Lloyd’s estimated that if a severe geomagnetic storm on the same scale occurred today, electrical outages could occur that would take months to years to recover, with a total economic cost for North America alone, numbering in trillions of USD.
And in March 1989 a smaller geomagnetic storm caused a nine-hour blackout in Quebec.
Although the probability of an extreme geomagnetic storm occurring is low, it is almost inevitable that one will occur eventually. Geomagnetic storms the size of the 1989 one occur roughly once every 50 years, while storms with the magnitude of the Carrington Event can be expected to occur once every 150 years or so.
In fact, in 2012 the Earth experienced a “near miss” when a CME comparable to the one that caused the Carrington Event, tore through Earth’s orbit, but missed the Earth. If the erupting region of the Sun had been pointing directly towards the Earth, it would likely have had global effects.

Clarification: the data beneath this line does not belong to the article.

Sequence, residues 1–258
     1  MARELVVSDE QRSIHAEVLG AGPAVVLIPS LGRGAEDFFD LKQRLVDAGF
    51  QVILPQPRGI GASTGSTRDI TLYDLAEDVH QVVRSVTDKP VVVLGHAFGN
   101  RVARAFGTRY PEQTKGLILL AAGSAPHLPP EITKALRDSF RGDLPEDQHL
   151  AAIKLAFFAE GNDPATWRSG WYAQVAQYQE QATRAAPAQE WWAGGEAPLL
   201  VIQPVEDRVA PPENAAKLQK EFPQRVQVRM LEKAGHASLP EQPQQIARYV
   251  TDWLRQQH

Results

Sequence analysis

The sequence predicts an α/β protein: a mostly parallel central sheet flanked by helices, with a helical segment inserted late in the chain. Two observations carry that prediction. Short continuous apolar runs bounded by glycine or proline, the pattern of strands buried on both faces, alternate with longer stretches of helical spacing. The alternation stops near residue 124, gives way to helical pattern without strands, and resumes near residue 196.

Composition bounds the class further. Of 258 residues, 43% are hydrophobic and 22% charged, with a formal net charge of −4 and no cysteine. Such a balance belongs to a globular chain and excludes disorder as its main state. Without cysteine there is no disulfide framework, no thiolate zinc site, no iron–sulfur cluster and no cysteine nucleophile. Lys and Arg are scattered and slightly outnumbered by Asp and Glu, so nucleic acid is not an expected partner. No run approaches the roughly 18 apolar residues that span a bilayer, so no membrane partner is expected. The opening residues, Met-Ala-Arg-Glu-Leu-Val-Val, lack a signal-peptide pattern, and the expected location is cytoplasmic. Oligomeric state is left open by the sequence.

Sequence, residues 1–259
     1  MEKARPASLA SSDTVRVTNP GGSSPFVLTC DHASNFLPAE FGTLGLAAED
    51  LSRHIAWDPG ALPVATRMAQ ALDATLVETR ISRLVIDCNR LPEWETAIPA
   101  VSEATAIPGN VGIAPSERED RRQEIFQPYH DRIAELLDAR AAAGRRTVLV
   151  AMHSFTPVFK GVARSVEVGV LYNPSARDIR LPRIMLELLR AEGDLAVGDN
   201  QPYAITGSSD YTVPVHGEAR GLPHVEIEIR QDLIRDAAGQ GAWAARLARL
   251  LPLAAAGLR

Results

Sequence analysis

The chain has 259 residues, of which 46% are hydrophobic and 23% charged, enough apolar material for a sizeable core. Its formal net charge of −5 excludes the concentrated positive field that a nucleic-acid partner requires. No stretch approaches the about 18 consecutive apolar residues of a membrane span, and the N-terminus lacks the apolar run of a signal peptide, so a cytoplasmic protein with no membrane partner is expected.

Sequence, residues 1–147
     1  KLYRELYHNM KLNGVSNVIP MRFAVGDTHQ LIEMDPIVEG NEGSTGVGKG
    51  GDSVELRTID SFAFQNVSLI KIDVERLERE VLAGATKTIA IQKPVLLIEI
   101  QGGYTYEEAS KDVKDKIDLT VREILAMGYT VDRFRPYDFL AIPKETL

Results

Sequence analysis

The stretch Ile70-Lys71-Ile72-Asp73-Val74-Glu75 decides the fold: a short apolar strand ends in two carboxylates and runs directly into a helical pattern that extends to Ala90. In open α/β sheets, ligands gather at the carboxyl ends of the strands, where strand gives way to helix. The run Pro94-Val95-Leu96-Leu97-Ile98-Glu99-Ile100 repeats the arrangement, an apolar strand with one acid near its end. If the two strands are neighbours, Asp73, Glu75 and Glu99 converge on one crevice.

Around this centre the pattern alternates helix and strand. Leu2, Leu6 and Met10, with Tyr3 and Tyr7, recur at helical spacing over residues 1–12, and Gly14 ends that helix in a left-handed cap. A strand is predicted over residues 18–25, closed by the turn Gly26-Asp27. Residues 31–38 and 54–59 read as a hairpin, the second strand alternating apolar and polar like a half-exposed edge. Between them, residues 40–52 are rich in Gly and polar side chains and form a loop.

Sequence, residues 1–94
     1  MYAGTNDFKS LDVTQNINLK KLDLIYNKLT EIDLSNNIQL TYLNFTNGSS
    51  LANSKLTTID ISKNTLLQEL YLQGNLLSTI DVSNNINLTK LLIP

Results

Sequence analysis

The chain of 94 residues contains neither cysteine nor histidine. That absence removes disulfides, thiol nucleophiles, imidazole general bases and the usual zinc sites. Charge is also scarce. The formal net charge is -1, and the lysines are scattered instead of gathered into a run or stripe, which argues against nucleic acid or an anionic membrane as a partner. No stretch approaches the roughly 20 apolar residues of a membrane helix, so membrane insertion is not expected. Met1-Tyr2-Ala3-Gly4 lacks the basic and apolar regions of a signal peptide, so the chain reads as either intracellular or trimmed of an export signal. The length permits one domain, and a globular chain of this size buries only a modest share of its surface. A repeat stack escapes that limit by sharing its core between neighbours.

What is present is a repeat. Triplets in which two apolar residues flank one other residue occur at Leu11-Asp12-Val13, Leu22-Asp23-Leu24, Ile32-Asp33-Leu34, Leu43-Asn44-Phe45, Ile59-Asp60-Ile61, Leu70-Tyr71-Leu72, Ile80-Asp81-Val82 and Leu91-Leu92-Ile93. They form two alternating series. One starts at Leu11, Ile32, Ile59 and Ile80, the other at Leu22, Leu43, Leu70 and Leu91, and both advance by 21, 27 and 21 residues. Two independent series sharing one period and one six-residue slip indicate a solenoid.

What can we do to prepare for a geomagnetic storm? We monitor the Earth’s magnetic field.
The data we collect through our network of geomagnetic observatories allows governments and industry to prepare for and mitigate the impacts of geomagnetic storms.
We operate ten geomagnetic observatories: six on the Australian mainland, two in Antarctica, one on Macquarie Island and one in the Cocos Islands.
Australia’s geomagnetic observatories form part of a global network, constantly monitoring the Earth’s magnetic field, recording changes second by second.
The magnetic field as measured at the surface of the Earth is composed of multiple sources.
- Most of the magnetic field is generated by the Earth’s core, and that component varies only very slowly over time.
- Other contributions come from the Earth’s crust, mostly due to magnetic minerals.
- More rapid variations are caused by space weather and electric currents in the upper parts of the Earth’s atmosphere, mostly resulting from variations in solar wind which also cause auroras.
Geomagnetic data can be used to gather information about all these sources, ranging in location from the Earth’s core to crust and upper atmosphere, and even detects the impacts of activity occurring at the surface of the sun.
Now we have the data, what do we do with it?